Capital Appreciation: Meaning, Types and Examples

What Is Capital Appreciation?

Capital appreciation is a rise in an investment's market price. Capital appreciation is the difference between the purchase price and the selling price of an investment. If an investor buys a stock for $10 per share, for example, and the stock price rises to $12, the investor has earned $2 in capital appreciation. When the investor sells the stock, the $2 earned becomes a capital gain.

Key Takeaways

  • Capital appreciation is a rise in an investment's market price.
  • Capital appreciation is the difference between the purchase price and the selling price of an investment.
  • Investments designed for capital appreciation include real estate, mutual funds, ETFs or exchange-traded funds, stocks, and commodities.

Capital Appreciation

Understanding Capital Appreciation

Capital appreciation refers to the portion of an investment where the gains in the market price exceed the original investment's purchase price or cost basis. Capital appreciation can occur for many different reasons in different markets and asset classes. Some of the financial assets that are invested in for capital appreciation include:

  • Real estate holdings
  • Mutual funds or funds containing a pool of money invested in various securities
  • ETFs or exchange-traded funds or securities that track an index such as the S&P 500
  • Commodities such as oil or copper
  • Stocks or equities

Capital appreciation isn't taxed until an investment is sold, and the gain is realized, which is when it becomes a capital gain. Tax rates on capital gains vary depending on whether the investment was a short-term or long-term holding.

However, capital appreciation isn't the only source of investment returns. Dividends and interest income are two other key sources of income for investors. Dividends are typically cash payments from companies to shareholders as a reward for investing in the company's stock. Interest income can be earned through interest-bearing bank accounts such as certificates of deposits. Interest income can also come from investing in bonds, which are debt instruments issued by governments and corporations. Bonds usually pay a yield or a fixed interest rate. The combination of capital appreciation with dividend or interest returns is referred to as the total return.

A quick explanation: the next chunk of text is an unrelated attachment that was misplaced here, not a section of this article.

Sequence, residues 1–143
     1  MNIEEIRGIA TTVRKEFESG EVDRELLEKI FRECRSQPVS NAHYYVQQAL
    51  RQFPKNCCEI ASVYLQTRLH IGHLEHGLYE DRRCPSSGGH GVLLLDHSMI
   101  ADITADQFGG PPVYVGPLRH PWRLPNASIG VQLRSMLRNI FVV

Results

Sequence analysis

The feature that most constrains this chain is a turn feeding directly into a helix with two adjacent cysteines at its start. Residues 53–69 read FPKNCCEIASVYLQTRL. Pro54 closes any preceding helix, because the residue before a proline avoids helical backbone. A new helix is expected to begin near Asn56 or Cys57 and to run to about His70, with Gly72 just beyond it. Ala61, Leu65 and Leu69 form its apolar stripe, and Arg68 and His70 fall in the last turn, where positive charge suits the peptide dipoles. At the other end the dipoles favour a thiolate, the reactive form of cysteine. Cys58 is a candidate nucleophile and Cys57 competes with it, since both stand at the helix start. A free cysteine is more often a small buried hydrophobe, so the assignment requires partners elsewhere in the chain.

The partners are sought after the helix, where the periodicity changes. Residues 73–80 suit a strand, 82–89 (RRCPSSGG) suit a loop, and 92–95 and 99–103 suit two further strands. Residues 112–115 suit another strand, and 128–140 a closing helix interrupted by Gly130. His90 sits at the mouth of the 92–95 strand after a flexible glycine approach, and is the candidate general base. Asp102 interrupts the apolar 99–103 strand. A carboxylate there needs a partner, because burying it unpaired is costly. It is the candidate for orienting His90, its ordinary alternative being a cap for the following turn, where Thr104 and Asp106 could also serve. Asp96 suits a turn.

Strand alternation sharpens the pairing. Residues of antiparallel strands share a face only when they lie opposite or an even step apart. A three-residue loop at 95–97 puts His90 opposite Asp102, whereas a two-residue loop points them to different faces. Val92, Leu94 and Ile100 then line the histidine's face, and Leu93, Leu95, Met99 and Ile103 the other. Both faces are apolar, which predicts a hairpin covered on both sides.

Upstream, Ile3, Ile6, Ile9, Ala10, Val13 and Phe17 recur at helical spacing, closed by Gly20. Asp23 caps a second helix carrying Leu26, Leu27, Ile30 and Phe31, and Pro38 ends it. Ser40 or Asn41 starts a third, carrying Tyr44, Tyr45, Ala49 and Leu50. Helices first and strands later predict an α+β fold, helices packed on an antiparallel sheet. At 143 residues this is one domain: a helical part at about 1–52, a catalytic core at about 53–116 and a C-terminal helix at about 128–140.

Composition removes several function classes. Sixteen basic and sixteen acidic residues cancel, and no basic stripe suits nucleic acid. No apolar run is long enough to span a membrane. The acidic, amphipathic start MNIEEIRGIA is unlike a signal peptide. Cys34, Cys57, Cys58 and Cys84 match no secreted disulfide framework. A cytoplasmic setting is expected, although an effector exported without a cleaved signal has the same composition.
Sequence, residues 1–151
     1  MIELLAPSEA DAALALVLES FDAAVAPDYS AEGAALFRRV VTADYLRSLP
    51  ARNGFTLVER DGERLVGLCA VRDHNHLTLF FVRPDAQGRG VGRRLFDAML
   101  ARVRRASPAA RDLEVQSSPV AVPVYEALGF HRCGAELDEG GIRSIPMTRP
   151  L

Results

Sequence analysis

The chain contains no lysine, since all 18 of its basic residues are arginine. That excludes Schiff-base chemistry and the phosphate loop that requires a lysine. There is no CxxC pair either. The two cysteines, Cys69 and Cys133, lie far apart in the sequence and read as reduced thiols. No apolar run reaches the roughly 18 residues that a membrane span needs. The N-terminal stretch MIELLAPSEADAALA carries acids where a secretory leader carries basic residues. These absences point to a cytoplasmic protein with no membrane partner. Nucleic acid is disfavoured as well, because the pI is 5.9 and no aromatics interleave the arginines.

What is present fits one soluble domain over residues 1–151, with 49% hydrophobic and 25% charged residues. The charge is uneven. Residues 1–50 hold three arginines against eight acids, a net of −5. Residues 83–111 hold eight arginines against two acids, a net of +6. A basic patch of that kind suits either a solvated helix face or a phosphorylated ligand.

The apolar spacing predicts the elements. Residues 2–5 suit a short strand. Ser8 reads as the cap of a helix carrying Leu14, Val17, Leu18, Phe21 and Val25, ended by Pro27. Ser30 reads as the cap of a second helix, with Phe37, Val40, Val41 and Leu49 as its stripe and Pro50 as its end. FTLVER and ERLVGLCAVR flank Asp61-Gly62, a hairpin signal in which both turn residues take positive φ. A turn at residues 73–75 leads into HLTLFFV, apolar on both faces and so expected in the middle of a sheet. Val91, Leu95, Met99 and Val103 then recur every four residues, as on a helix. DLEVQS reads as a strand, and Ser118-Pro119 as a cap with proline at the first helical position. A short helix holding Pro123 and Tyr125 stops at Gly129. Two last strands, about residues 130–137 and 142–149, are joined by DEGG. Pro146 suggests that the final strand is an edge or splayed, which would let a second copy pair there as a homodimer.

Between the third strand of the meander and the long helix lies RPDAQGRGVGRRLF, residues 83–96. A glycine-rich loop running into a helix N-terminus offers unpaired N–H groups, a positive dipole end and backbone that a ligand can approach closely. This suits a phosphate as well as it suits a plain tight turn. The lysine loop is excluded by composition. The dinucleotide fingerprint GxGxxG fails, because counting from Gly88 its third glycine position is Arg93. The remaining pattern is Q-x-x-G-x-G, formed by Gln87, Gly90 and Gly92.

Causes of Capital Appreciation

The value of assets can increase for several reasons. There can be a general trend for asset values to increase including macroeconomics factors such as strong economic growth or Federal Reserve policy such as lowering interest rates, which stimulates loan growth, injecting money into the economy.

On a more granular level, a stock price can increase because the underlying company is growing faster than competitor companies within its industry or at a faster rate than market participants had expected. The value of real estate such as a house can increase because of proximity to new developments such as schools or shopping centers. A strong economy can lead to increases in housing demand since people have stable jobs and income.

Investing for Capital Appreciation

Capital appreciation is often a stated investment goal of many mutual funds. These funds look for investments that will rise in value based on increased earnings or other fundamental metrics. Investments targeted for capital appreciation tend to have more risk than assets chosen for capital preservation or income generation, such as government bonds, municipal bonds, or dividend-paying stocks. As a result, capital appreciation funds are considered most appropriate for risk-tolerant investors. Growth funds are customarily characterized as capital appreciation funds since they invest in the stocks of companies that are growing quickly and increasing their value. Capital appreciation is employed as an investment strategy to satisfy the financial goals of investors.

Capital Appreciation Bond

Capital appreciation bonds are backed by local government agencies and are therefore known as municipal securities. These bonds work by compounding interest until maturity, which is when the investor receives a lump sum that includes the value of the bond and the total accrued interest. Appreciation bonds differ from traditional bonds, which typically pay interest payments each year. 

Example of Capital Appreciation

An investor purchases a stock for $10, and the stock pays an annual dividend of $1, equating to a dividend yield of 10%. A year later, the stock is trading at $15 per share, and the investor has received a dividend of $1. The investor has a return of $5 from capital appreciation as the price of the stock went from the purchase price or cost basis of $10 to a current market value of $15 per share. In percentage terms, the rise in the stock price led to a 50% return from capital appreciation. The dividend income return is $1, equating to a return of 10% in line with the original dividend yield. The return from capital appreciation combined with the return from the dividend leads to a total return on the stock of $6 or 60%.

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